Maree really rode faultfree with a very good first and final halt. The collected trot lacked a bit of impulsion and the half passes should have had more bending in the ribcage but the horse crossed the legs well. He slightly dropped behind the vertical on the volte right and right half pass. The medium and extended trot were conservative and Dream Boy could have shown more swing over the back. In general the trot was well carried and flowing but the horse should have been quicker from behind. In walk Dream Boy lost the 4-beat rhythm before and after the left walk pirouette. Dream Boy showed a very good balance in the counter canter and the flying changes were all big, but those to the left were crooked. The extended canter was nicely uphill.

The panel awarded Dream Boy 8.6 for trot, 7.8 for walk, 9.0 for canter, 8.9 for submission and 8.9 for general impression. They finished third on 8.64 points. They called him "a talented horse with a marvellous trot with good cadence. The extensions needed more overtrack." They praised Maree for achieving "a lovely contact" and good obedience.

When asked if she wasn't disappointed for not winning gold, Maree revealed mixed feelings but then said, "coming here is always trying to be the best. I'm very happy with the result. The first day was a real surprise. There were only a few points between Kirsten and I. I'm really happy with him. It was a good ending." Gerdine described Dream Boy as "really beautiful. His character is great. Last year I was here as well. I had too much energy and he couldn't relax. I gave it proper training and time. It worked out, I was able to show it." Maree and the breeder and owner of Dream Boy, Tim Coomans, have been working together for 30 years so the bronze was a lovely reward for their longtime co-operation.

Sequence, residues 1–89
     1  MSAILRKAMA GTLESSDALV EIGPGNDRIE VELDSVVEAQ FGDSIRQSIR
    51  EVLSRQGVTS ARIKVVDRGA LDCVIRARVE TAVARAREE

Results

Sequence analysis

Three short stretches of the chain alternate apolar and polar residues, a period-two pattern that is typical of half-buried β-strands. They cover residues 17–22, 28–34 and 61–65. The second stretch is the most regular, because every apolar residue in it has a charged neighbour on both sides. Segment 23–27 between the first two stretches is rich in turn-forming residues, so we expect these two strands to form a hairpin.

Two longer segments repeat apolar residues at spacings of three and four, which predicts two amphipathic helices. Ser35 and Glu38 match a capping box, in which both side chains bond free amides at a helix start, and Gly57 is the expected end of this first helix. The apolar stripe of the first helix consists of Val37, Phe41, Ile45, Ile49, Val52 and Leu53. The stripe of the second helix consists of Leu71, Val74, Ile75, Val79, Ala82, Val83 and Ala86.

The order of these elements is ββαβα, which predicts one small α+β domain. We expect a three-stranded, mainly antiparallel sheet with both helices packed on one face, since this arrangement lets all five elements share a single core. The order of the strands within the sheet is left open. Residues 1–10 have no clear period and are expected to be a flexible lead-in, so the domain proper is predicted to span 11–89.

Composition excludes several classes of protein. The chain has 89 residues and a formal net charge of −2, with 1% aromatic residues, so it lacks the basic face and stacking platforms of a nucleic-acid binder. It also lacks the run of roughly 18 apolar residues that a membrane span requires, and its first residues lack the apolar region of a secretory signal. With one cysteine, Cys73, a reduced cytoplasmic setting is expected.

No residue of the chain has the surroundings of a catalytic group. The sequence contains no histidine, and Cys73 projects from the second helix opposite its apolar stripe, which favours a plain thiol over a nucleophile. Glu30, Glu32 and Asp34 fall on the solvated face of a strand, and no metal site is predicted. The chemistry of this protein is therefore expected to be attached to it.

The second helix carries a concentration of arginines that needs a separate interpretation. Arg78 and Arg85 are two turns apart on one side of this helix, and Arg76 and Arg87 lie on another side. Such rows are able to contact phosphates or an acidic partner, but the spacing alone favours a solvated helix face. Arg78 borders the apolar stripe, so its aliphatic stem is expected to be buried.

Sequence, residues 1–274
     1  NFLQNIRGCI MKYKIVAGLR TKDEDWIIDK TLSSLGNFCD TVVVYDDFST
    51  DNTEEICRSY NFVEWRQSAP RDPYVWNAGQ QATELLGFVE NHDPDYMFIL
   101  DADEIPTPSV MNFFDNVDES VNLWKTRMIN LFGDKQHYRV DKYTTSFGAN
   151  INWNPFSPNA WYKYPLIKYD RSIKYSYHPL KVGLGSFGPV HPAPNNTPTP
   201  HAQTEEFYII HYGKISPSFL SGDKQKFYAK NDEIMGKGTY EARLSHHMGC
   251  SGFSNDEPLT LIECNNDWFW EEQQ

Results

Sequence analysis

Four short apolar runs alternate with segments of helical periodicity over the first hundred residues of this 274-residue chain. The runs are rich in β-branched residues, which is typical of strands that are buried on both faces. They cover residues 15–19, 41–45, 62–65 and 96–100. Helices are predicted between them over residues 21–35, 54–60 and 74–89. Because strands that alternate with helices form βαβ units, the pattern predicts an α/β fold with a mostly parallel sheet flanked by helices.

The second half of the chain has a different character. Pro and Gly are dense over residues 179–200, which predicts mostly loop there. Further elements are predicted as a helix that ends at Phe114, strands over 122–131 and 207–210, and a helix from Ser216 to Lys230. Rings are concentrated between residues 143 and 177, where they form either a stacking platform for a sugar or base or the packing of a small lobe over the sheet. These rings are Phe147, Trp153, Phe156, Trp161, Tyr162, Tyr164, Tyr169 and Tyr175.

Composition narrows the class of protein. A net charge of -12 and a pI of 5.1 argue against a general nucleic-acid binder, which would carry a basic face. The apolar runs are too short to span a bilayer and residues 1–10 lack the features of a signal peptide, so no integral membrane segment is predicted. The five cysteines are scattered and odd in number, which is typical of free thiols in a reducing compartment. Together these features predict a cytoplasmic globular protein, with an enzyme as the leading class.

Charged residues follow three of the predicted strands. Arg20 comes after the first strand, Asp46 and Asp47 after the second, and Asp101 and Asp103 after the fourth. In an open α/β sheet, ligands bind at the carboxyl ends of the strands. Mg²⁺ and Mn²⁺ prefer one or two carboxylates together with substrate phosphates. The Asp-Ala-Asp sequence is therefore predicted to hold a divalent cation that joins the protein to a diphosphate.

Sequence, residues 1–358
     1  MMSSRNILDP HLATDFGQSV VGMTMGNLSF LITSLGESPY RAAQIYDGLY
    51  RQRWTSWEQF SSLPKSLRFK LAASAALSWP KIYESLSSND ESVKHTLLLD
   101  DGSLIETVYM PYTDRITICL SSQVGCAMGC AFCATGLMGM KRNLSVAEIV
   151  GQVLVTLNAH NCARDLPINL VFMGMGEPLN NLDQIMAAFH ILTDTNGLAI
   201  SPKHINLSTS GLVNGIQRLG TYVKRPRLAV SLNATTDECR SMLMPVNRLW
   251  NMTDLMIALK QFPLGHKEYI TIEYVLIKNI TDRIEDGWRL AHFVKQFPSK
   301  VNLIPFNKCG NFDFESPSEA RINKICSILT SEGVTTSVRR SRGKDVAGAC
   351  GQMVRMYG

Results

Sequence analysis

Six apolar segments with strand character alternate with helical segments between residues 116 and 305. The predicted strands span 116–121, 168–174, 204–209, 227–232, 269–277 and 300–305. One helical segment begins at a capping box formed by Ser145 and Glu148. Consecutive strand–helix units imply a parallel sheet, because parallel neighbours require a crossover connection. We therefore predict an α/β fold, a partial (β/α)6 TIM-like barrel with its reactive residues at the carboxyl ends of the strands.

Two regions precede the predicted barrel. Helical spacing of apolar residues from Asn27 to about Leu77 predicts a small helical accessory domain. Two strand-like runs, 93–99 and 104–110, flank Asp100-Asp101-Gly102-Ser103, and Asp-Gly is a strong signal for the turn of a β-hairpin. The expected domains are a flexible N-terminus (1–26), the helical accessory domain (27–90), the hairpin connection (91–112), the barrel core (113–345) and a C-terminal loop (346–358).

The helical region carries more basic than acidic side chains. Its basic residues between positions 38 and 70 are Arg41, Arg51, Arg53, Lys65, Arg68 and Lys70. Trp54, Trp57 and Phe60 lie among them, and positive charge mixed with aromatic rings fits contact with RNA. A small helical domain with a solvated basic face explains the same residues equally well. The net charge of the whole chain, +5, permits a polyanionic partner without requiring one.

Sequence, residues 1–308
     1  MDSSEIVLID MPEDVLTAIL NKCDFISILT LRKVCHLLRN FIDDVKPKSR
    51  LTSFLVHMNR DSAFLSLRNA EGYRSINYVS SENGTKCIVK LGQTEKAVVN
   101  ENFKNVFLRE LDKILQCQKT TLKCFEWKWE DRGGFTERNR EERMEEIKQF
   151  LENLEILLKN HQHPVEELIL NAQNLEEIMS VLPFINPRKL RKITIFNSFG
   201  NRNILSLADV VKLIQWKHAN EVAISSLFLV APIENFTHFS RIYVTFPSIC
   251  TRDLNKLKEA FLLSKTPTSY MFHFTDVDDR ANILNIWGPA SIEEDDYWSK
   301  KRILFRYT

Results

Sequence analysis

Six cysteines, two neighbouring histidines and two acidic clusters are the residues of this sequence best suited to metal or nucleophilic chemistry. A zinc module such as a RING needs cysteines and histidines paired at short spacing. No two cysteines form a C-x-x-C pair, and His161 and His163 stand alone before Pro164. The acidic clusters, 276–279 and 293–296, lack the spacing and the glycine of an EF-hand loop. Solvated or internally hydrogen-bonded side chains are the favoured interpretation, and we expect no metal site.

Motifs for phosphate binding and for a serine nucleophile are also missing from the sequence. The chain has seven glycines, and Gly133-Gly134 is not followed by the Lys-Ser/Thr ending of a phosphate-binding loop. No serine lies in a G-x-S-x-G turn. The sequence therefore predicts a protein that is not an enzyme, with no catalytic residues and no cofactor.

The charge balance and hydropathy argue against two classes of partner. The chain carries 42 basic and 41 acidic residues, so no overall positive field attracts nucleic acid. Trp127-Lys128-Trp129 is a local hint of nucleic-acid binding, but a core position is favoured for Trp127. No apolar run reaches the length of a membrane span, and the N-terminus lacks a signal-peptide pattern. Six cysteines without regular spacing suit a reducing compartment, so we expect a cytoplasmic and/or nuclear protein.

The judging in the 6-year old finals started out quite high at the beginning of the class, but then the panel became more strict before shooting back up. Judge Maria Colliander acknowledged this trend at the press conference. "It started very nicely. We were on good marks," said Colliander. "We said 'This is going to be a super final if everybody keeps improving like this.' Then it got more difficult, horses that were more tired. Then we really went up towards the end again with hugely talented horses, unfortunately with big mistakes.  There were very good horses, ridden and trained in a really nice way. For us the winner represented the most harmonious ride, even though there was one mistake in the change, it was a young horse mistake, he forget his hindleg. It was really nice after having some really sweaty moments."